The Adaptation and Cultural Translation of the Pedagogical Theory of Formal Stages in U.S. Discourse around 1900


  • Marcel Scholz


Cultural transfer; Herbartianism; formal stage theory; transculturation; transformation; globalization; U.S. educational thinking


This paper uses a selected case study to show how the theoretical topos of formal stage theory of Herbartian provenance, which originated in the German-speaking world, underwent an adaptation and semantic shift in U.S. discourse around 1900. The findings presented here relate to the interpretation of the human cognitive process and the subsequent understanding of the formal stages by the U.S. educators Charles and Frank McMurry, which was shaped by the scientific-theoretical location within the natural science paradigm. In doing so, the McMurry brothers emphasized the parallel between the steps of the scientific approach and the formal steps of instruction, thus making instruction a (natural) science-based instruction. On the one hand, this interpretation can be explained by the possibility of communicative connectivity in discourse and thus the generation of communicative resonance. On the other hand, it was apparently a functional strategy to justify the scientific nature of pedagogy and thus provided a convincing argument for its position, while at the same time drawing on an internal logic of U.S. educational thought.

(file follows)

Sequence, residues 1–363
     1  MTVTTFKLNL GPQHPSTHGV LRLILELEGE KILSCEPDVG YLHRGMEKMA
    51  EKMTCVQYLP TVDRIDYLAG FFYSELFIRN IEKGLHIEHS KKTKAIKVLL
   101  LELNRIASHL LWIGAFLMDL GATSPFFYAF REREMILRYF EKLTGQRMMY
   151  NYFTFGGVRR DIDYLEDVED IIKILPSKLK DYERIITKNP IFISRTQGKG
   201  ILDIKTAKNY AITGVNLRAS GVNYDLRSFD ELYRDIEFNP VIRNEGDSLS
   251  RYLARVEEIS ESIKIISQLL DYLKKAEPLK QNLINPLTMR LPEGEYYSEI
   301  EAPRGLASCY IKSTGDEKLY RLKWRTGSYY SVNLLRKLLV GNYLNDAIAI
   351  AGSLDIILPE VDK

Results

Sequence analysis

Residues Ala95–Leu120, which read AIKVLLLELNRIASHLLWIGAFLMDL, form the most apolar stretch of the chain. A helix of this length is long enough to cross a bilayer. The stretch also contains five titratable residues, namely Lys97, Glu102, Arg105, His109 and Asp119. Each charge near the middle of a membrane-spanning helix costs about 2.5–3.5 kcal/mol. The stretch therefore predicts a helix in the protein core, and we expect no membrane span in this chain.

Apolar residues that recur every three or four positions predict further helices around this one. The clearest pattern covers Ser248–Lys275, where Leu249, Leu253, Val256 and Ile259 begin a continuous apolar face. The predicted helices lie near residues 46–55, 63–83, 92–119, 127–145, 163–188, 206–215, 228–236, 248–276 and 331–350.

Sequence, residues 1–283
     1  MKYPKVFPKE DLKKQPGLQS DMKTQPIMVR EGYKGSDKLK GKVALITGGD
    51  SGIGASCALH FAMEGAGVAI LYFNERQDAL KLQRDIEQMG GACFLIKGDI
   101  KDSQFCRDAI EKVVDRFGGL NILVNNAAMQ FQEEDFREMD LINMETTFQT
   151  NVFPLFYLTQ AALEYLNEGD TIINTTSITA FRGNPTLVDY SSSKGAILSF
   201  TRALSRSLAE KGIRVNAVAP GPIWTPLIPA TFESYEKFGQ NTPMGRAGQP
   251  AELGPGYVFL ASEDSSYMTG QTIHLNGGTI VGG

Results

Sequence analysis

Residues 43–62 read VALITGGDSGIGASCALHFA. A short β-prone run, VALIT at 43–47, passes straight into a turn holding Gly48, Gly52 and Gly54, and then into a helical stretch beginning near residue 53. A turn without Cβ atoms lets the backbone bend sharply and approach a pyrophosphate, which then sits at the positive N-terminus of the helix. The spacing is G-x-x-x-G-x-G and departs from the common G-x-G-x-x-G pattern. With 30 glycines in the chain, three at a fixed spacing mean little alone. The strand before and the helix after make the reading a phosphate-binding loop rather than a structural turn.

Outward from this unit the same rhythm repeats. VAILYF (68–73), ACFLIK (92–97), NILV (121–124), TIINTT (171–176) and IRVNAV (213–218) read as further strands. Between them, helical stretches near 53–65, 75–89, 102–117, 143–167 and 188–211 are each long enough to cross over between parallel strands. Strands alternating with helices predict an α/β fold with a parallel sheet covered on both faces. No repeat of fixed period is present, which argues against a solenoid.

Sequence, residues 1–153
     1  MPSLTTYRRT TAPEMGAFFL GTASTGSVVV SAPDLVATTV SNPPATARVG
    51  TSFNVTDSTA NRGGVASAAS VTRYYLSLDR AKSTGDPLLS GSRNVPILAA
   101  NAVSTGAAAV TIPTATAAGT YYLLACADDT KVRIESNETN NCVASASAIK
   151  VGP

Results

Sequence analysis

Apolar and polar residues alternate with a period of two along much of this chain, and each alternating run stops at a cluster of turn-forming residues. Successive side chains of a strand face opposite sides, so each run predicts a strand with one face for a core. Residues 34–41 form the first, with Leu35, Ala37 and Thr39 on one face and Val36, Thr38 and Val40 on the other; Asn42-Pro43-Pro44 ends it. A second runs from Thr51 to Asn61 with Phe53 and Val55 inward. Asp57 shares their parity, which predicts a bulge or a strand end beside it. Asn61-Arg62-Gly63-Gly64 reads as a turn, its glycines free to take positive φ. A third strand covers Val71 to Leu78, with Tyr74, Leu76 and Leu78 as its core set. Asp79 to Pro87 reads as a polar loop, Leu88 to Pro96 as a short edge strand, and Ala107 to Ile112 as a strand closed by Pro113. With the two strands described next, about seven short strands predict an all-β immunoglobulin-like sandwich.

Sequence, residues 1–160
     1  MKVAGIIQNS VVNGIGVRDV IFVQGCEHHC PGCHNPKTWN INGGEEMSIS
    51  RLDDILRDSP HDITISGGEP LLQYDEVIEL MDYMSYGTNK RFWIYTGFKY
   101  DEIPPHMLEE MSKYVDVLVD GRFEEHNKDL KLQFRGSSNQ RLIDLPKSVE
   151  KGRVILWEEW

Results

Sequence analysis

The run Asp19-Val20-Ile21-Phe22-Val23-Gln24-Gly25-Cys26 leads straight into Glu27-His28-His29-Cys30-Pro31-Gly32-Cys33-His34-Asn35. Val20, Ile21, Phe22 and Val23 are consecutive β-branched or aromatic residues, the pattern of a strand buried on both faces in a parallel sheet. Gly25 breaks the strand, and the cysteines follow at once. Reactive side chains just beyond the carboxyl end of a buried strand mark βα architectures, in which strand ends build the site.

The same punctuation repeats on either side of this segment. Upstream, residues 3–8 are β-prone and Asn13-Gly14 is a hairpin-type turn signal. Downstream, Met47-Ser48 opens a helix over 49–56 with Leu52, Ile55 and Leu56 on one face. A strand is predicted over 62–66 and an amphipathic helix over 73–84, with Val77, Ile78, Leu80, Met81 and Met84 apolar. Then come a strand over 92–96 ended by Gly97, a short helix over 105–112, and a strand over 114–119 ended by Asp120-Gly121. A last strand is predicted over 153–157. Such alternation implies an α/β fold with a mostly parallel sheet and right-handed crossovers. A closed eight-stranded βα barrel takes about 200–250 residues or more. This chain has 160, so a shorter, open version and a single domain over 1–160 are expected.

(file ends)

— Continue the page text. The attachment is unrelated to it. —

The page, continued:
First, the thematic framework is set, and the relevant persons are introduced. Subsequently, the theoretical location or perspective on which the present article is based will be explicated. Then, based on a text-hermeneutic analysis, the respective understandings of the formal stage theory are elaborated to subsequently carry out a comparison of the understandings in a comparative-constructive procedure. Based on this, the justification contexts for the adaptations and adaptations are extrapolated against the background of the theoretical perspective.